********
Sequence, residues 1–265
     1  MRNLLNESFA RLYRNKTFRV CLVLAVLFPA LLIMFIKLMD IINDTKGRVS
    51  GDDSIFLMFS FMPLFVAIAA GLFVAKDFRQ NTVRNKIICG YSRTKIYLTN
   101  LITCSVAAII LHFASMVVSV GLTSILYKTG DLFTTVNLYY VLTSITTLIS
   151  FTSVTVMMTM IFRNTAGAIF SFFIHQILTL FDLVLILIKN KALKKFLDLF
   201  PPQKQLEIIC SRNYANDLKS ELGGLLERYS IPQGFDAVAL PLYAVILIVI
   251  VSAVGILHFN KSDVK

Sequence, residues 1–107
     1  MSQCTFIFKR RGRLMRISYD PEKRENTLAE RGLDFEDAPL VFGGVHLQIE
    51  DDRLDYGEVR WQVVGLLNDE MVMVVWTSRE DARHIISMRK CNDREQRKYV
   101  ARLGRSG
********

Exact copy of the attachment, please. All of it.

Sequence, residues 1–265
     1  MRNLLNESFA RLYRNKTFRV CLVLAVLFPA LLIMFIKLMD IINDTKGRVS
    51  GDDSIFLMFS FMPLFVAIAA GLFVAKDFRQ NTVRNKIICG YSRTKIYLTN
   101  LITCSVAAII LHFASMVVSV GLTSILYKTG DLFTTVNLYY VLTSITTLIS
   151  FTSVTVMMTM IFRNTAGAIF SFFIHQILTL FDLVLILIKN KALKKFLDLF
   201  PPQKQLEIIC SRNYANDLKS ELGGLLERYS IPQGFDAVAL PLYAVILIVI
   251  VSAVGILHFN KSDVK

Sequence, residues 1–107
     1  MSQCTFIFKR RGRLMRISYD PEKRENTLAE RGLDFEDAPL VFGGVHLQIE
    51  DDRLDYGEVR WQVVGLLNDE MVMVVWTSRE DARHIISMRK CNDREQRKYV
   101  ARLGRSG